HONG KONG, Sept. 1 (Reuters) – Hong Kong braced for the arrival of super typhoon Saola on Friday as authorities raised the strong wind signal to number 8, bringing the city to a standstill with most businesses, schools and the stock exchange closed.
Three tropical cyclones formed in the northwest Pacific Ocean and the South China Sea, with Saola and Haikoi already classified as typhoons, while Kiruji, the furthest from land, still classified as a tropical storm, according to meteorologists.
Typhoon Saola, with winds of more than 200 kilometers per hour (125 miles per hour), will move toward the coast of eastern Guangdong, a neighboring province on the Chinese mainland. This could be among the five strongest typhoons to hit Guangdong Province since 1949, Chinese authorities said Thursday, in their highest typhoon warning.
The city’s weather observatory said Typhoon Saola was expected to approach Hong Kong on Friday heading into Saturday morning, causing weather conditions to deteriorate rapidly.
The typhoon may make landfall on Friday evening or Saturday morning as a severe typhoon along the Huidong coast to Taishan in Guangdong, the China National Meteorological Center said, maintaining the highest red warning for typhoon.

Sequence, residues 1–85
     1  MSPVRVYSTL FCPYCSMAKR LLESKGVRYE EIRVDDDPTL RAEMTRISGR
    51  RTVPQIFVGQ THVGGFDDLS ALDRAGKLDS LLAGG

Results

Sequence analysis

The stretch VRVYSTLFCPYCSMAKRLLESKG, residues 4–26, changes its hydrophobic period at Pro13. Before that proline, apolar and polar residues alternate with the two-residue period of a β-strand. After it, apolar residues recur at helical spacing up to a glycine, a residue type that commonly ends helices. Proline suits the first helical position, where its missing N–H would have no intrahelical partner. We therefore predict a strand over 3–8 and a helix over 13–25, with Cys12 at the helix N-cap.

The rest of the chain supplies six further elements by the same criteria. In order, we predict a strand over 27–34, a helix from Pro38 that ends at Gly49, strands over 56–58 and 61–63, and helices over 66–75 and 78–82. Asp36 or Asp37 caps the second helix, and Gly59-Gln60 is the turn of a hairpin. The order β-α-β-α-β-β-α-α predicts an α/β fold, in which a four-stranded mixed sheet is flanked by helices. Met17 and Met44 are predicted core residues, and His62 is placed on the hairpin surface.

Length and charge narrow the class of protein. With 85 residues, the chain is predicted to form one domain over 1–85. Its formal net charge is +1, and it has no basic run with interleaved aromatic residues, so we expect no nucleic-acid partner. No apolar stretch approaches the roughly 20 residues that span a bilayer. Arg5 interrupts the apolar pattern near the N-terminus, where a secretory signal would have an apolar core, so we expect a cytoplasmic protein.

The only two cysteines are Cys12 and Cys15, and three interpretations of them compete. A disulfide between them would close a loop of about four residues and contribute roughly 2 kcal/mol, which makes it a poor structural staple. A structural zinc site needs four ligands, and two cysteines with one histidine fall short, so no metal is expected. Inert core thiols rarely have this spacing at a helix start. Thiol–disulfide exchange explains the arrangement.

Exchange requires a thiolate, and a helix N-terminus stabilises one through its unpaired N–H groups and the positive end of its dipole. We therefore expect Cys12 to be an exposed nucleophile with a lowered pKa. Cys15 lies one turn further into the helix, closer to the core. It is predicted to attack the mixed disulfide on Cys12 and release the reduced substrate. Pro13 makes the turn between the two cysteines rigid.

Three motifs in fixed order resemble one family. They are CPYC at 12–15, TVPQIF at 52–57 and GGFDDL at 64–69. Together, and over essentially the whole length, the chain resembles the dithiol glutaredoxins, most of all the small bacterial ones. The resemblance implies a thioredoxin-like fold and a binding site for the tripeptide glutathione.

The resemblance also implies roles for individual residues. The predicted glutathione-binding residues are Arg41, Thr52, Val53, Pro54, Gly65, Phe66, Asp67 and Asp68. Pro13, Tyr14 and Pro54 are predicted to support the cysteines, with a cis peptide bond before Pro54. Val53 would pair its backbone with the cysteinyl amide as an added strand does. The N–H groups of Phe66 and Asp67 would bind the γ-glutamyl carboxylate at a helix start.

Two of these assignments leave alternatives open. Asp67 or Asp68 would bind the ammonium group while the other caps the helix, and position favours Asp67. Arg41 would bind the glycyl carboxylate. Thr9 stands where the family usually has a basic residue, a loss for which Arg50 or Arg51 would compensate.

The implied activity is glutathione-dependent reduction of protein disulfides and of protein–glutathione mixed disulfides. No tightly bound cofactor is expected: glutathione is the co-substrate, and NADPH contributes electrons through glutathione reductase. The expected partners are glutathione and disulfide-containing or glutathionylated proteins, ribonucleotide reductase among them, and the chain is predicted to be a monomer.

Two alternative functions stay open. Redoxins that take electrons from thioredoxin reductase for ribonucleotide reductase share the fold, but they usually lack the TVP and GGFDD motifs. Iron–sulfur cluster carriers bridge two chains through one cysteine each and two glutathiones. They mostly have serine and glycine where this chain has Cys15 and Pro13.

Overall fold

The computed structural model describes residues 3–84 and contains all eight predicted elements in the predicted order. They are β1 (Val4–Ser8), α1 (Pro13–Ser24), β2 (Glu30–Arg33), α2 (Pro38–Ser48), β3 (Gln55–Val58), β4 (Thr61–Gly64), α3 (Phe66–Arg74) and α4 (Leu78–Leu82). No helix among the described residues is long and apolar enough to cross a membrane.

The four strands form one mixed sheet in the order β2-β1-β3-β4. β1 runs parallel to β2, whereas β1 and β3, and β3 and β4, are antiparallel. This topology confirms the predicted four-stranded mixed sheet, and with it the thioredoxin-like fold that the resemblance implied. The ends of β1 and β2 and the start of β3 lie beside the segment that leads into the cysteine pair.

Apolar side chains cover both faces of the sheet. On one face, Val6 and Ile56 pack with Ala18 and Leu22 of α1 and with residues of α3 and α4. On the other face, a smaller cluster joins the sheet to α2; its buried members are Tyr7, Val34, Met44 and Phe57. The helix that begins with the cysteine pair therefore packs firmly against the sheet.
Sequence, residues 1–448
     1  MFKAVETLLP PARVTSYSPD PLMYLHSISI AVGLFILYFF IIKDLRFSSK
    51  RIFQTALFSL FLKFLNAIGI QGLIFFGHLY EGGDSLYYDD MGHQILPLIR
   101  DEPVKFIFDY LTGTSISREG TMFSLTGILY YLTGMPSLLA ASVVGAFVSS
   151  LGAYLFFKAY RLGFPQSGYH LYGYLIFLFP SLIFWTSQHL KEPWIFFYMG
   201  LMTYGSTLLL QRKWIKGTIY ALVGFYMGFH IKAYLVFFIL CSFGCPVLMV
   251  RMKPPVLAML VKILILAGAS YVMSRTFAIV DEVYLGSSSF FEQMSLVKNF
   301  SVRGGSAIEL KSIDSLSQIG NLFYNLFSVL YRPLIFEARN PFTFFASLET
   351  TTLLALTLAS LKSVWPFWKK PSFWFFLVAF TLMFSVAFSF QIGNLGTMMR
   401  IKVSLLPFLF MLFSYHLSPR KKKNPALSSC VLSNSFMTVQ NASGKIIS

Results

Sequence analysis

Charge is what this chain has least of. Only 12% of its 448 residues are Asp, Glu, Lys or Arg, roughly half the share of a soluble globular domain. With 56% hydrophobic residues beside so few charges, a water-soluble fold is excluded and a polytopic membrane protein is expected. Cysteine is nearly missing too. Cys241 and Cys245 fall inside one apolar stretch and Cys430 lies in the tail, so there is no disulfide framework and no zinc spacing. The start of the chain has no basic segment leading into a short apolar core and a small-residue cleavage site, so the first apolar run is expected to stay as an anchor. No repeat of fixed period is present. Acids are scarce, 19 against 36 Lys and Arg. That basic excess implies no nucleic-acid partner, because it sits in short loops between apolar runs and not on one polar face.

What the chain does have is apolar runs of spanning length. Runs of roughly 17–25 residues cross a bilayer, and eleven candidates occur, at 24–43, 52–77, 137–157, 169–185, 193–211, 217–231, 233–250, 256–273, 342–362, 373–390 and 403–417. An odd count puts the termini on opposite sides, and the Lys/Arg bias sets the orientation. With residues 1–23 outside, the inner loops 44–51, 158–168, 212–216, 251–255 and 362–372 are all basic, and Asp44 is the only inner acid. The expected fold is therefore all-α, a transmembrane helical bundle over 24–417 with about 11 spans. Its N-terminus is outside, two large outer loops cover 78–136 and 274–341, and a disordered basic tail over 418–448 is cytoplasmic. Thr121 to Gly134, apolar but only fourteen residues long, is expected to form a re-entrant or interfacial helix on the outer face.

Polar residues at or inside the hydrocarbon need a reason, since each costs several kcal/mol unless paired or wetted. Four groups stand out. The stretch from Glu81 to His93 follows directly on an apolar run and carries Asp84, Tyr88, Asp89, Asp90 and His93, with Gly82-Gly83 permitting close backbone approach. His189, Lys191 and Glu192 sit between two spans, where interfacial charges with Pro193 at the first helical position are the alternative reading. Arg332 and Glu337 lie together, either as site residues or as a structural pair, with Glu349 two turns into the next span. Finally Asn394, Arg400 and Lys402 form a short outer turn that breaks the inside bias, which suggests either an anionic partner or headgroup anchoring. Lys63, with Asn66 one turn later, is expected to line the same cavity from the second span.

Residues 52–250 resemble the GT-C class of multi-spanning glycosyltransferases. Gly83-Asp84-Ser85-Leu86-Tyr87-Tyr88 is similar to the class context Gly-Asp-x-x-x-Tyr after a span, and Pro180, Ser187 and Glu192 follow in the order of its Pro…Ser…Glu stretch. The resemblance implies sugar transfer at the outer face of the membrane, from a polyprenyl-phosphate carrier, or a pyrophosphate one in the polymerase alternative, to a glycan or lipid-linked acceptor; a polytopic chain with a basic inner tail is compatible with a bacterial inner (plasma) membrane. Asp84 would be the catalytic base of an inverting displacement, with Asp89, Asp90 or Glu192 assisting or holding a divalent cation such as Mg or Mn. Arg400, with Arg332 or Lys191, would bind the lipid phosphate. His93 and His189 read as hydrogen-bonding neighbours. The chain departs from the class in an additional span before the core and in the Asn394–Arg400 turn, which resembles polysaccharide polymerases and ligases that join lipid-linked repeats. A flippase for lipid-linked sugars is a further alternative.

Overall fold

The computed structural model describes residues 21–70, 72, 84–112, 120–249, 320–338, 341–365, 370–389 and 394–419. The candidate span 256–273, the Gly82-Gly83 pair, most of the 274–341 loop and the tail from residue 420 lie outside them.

The Hong Kong Observatory said it would consider the need to issue higher warning signals for typhoons later on Friday.
Hong Kong has five typhoon classifications, 1, 3, 8, 9 and 10, which is the strongest sign of a typhoon.
The government said all schools in Hong Kong will close on Friday, even though it is the first day of school for many. The nearby cities of Shenzhen and Guangzhou have also closed schools.
Crowds flocked to fresh food markets in downtown Hong Kong’s Wan Chai district on Thursday afternoon, with many vegetables already sold out. Supermarkets saw long lines of people to stock up before the storm.
The Hong Kong Observatory said it was expecting heavy rains and strong winds while “the water level in the city is expected to rise significantly” through Saturday, with the possibility of serious flooding.
The city’s main carrier, Cathay Pacific, said all flights to and from Hong Kong between 2pm (0600GMT) on Friday and 10am (0200GMT) on Saturday had been cancelled.
It added that more delays and cancellations of flights may be needed based on the hurricane’s path on Saturday morning.
The Macau Weather Observatory said it will raise the wind warning level to level 8 between 1 p.m. and 3 p.m. on Friday. She said she expected to raise it to the highest sign of the No. 10 hurricane early Saturday morning.
Meanwhile, Typhoon Haikui is approaching Taiwan and is expected to make landfall in the northern part of the island on Sunday before heading toward the southeastern Chinese city of Fuzhou, according to Taiwan’s Central Meteorological Bureau.
Farah Master Report; (Reporting by Ben Blanchard in Taipei and Bernard Orr, Ryan Wu and Ethan Wang in Beijing; Reporting by Mohamed for the Arabic Bulletin) Editing by Lincoln Feist and Raju Gopalakrishnan
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